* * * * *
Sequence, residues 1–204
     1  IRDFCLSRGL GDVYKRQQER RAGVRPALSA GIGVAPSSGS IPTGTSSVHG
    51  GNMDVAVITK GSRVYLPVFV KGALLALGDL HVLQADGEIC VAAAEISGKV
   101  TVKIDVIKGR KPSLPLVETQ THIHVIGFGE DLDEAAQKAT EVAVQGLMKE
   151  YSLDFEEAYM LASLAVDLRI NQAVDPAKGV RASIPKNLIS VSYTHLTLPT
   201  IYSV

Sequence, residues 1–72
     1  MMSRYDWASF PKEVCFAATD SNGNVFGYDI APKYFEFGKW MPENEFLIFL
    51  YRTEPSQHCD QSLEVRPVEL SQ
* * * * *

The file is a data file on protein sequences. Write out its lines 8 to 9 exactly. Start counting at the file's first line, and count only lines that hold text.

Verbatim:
     1  MMSRYDWASF PKEVCFAATD SNGNVFGYDI APKYFEFGKW MPENEFLIFL
    51  YRTEPSQHCD QSLEVRPVEL SQ